Thermogravimetric analysis was used to determine the filler and fiber contents. Figure 4 shows representative curves for the evaluation of layered silicate content in neat resin (left) as well as the evaluation of layered silicate and carbon fiber content in laminates (right). The filler weight content can be determined at the plateau at the end of the curve. In laminates, two plateaus were detected. In the region of the first one, resin was decomposed and the left mass represented the combination of fibers and fillers. After further heating, fibers were also decomposed, so that only the layered silicates were left. By means of material densities (resin+hardener: 1.19 g/cm3, carbon fibers: 1.77 g/cm3 and layered silicates: 2.7 g/cm3), the filler volume content and fiber volume content were calculated. In resin, the maximum MMT and K-Hect content were 2.2 vol % 2.5 vol %, respectively. The laminates showed a fiber volume content of 52 ± 3 vol %. Therefore, the overall filler contents in laminates with maximum 1.0 vol % MMT and 1.1 vol % K-Hect were roughly half the values in resin.

3.2. Properties of Epoxy-Clay-Nanocomposites

The incorporation of clay into epoxy resin results in an increase in the dissipated fracture energy (Figure 5). The increase of the energy release rate was almost linear for K-Hect and led to a maximum increase of 229% from 93 J/m2 in neat resin to 305 J/m2 in nanocomposite with 2.5 vol % of K-Hect. There was a lower increase with MMT up to a filler content of 1.6 vol % to a maximum increase of 87%. Further increase of MMT content could not improve the fracture toughness but led to a severe decrease in GIc.
SEM images help to obtain more insight into fracture mechanisms (Figure 6). The neat resin showed a smooth fracture surface and no plastic deformation, indicating brittle fracture behavior and low energy release rate GIc. Samples with MMT as well as K-Hect particles had an increased roughness. The larger surface area correlated with an increase of the energy release rate GIc with increasing clay content (Figure 5). The increase in GIc was based on an elongation of crack path initiated by both MMT and K-Hect particles. The MMT particles had a relatively low size of 400 nm. As stated by Kothmann et al. [15], these particles are smaller than the plastic zone that has a diameter in the range of 2 µm for the used DGEBA-44’-DDS system. Therefore, the crack path will not be changed seriously. The increase of the fracture toughness and the roughness of the surface will mainly be caused by particle debonding and the formation of voids. As can be seen in Figure 6, the particles were not fully dispersed, but agglomerates can be found. These agglomerates increased with higher particle content. Large agglomerates in the region of crack path can act as defects, which leads to a decreased fracture toughness. As the agglomerates were not spread uniformly in the samples, the standard deviation was very high for 2.2 vol % of MMT. Similar limitation of the increase in fracture toughness with higher filler content can be found in other clay toughened systems [14]. For the samples with K-Hect, this limitation cannot be seen up to the maximum content of 2.5 vol %. As can be seen in Figure 6, the platelets were homogenously distributed and did not build agglomerates. The reason for this observation can be a more homogenous surface modification of K-Hect due to the homogenous charge distribution of the synthetical layered silicate. Additionally, shear forces in the three-roll mill will more likely separate larger particles. The roughness of the surface of K-Hect toughened resin was much higher than with MMT due to additional toughening mechanisms. With 6 µm, the particles were larger than the plastic zone and could effectively elongate the crack path by crack deflection. Crack bridging and platelet pullout further increased the dissipated energy during crack propagation. In summary, the large K-Hect particles provided more toughening mechanisms and therefore higher fracture toughness. This is in accordance with former investigations [15].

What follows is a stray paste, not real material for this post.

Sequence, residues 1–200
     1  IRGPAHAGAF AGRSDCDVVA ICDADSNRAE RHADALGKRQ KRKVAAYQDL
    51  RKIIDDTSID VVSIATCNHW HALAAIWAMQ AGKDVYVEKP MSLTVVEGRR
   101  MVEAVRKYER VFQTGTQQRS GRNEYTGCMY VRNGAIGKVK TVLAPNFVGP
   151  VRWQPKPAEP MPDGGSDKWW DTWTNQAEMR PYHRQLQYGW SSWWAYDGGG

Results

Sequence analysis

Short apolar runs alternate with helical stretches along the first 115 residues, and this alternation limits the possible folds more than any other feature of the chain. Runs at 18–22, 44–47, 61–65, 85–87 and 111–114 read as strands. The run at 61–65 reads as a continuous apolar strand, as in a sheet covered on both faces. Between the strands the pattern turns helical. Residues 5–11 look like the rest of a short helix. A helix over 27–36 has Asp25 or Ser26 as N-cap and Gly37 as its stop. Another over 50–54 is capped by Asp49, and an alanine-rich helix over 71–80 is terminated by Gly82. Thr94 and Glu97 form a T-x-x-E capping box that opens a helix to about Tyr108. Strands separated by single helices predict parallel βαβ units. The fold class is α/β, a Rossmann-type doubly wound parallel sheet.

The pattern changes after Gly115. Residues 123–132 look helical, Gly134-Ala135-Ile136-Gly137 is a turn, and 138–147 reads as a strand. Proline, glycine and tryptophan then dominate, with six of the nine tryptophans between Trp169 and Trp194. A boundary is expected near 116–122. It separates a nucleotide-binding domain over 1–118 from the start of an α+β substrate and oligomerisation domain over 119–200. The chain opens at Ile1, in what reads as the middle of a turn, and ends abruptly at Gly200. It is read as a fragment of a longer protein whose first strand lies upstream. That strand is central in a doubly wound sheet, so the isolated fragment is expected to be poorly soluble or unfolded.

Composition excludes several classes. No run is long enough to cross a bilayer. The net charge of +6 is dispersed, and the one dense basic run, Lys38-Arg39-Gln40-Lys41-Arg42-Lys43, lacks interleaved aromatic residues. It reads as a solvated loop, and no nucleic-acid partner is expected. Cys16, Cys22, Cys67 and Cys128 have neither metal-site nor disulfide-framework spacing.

3.3. Properties of CFRP